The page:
So for this cold bastard, I'm afraid this is just a good told story,and not a classic as I'd like it to be, and maybe also therefore notthe possible box office hit it would have been, if made as a heartwrenching story.

    Making a film like this loved, really need us to identification. Thisis the only true trouble with an otherwise great film.

    Bastøy correctional facility was closed down in the fifties, whenNorway was recovering from the 2nd World war. Now there's a prison outthere. I'm sure a lot of kids was growing up hating Bastøy. Bastøystill have a negative sound for Norwegians, well deserved.

  3. Sindre Kaspersen from Norway
    29 Mar 2012, 7:28 pm

    What an achievement from the director of amongst others "Cross my heartand hope to die" (1994) and "Dragonflies" (2001), who deservedlyreceived the Amanda prize for the best Norwegian film of the year, butunfortunately was not chosen as our submission to the 85th AcademyAwards in the best foreign language film category.

    This dark chapter in Norwegian history which was adapted for the screenby writers L.S.Christensen, M.M.Bølstad, E.Schmid and D.Magnusson isdarkly and beautifully visualized by M.Holst and the great crew who hasmade a cold, rigorous and riveting humanistic drama about coming ofage, friendship, injustice and power abuse within a reform school foryoung boys in South Norway. The period is well captured by theproduction design and costume design, and the photography creates amood which is enriched by the visceral sounds of Sigur Ros.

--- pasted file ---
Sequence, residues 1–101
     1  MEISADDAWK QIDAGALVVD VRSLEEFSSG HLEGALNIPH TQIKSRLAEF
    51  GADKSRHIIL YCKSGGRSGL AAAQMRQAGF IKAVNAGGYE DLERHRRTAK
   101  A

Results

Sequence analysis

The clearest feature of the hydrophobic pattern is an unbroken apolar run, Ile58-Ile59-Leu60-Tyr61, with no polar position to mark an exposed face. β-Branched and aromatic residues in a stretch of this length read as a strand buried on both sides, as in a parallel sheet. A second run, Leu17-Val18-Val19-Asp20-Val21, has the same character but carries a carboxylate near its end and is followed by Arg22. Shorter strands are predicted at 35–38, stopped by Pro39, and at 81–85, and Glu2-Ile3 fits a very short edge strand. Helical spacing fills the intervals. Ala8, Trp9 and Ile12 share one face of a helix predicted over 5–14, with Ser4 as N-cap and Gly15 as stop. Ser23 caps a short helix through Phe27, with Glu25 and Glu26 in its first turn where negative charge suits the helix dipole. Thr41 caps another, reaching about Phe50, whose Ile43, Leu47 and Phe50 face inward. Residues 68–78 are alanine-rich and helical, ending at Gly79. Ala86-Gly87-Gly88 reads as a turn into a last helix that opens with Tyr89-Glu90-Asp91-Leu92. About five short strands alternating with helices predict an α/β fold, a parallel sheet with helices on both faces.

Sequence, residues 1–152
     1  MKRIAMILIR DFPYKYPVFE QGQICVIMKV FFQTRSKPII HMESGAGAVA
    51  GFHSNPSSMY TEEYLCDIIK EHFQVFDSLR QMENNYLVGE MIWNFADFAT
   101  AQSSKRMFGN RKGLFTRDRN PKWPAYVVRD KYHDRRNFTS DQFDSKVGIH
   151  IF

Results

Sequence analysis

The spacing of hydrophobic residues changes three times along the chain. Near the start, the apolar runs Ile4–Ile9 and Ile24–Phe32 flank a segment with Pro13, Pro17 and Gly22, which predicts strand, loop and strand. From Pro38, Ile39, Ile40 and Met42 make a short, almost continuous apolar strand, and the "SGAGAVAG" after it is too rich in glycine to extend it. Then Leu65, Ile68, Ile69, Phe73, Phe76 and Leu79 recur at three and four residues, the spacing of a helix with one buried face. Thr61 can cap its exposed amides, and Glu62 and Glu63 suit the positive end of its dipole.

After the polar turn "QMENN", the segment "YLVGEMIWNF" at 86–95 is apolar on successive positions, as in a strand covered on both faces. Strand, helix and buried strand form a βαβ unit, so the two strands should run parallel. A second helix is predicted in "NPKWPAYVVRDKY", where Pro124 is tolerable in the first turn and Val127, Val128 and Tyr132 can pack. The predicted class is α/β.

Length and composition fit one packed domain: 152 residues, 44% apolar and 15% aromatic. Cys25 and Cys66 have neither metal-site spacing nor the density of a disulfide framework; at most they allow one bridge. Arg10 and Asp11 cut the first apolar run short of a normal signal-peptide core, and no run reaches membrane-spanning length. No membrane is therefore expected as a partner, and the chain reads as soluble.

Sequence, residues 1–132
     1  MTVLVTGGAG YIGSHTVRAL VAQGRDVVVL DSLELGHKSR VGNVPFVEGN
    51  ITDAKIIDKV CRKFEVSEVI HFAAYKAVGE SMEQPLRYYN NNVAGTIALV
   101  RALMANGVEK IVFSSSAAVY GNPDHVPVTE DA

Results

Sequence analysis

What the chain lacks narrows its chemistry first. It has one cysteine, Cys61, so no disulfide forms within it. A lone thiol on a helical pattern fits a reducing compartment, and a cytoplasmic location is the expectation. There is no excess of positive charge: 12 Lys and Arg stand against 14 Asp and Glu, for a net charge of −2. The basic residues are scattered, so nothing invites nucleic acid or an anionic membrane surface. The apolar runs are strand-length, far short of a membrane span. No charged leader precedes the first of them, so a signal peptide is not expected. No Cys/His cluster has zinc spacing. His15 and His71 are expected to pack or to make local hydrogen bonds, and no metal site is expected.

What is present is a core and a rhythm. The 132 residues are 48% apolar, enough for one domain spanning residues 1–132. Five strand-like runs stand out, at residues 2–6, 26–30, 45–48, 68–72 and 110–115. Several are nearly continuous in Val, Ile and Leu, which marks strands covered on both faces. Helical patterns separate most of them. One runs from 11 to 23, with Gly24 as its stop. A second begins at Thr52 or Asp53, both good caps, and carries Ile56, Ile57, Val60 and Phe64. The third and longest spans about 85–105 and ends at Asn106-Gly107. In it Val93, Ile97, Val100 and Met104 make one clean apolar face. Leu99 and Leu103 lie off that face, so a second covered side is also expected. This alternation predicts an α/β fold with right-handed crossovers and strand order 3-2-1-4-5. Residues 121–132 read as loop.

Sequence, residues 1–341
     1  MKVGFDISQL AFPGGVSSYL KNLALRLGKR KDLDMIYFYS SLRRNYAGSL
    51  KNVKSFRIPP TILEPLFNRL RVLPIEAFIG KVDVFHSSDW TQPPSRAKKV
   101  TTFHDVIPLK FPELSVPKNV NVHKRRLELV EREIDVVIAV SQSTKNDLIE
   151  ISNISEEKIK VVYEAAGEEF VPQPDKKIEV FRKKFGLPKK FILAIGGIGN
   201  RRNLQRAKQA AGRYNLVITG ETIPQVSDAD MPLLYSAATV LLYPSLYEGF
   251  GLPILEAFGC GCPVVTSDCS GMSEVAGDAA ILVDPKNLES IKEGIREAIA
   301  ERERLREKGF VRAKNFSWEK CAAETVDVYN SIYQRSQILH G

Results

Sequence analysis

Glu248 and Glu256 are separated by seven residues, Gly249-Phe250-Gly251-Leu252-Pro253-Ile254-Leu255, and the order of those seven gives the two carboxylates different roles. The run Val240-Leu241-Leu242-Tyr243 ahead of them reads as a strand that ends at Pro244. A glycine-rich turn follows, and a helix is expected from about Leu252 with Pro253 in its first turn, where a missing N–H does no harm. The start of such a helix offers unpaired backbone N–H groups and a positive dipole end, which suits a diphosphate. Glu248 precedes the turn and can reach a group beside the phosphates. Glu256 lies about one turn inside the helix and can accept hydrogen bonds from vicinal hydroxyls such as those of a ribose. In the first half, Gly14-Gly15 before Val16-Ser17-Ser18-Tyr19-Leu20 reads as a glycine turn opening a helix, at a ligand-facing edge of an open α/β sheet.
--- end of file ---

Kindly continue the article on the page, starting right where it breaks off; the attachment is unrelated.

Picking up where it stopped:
The second most expensive Norwegian film production since "Max Manus"(2008) is an engagingly told study of character about a young man whorefuses to be subdued by exploitative authority figures. The overallacting is as authentic as it could be in a film i consider alongside"Nine lives" (1957), "Pathfinder" (1988), "Troubled water" (2008), "MaxManus" (2008) and "The Angel" (2009) as one of the great Norwegianfilms.

  4. kjetilsj from Norway
    29 Mar 2012, 7:28 pm

    It's such a shame the Norwegian Committee did not choose this film asthe contender for the Academy Award for Best Foreign Language Film.

    The acting is top notch from all the main characters. Kristoffer Jonerand Stellan Skarsgård's characters really gives you the chill, but theactors that really surprised was the newcomers Trond Nilssen andBenjamin Helstad characters. They delivered the best dialogs and veryconvincing acting.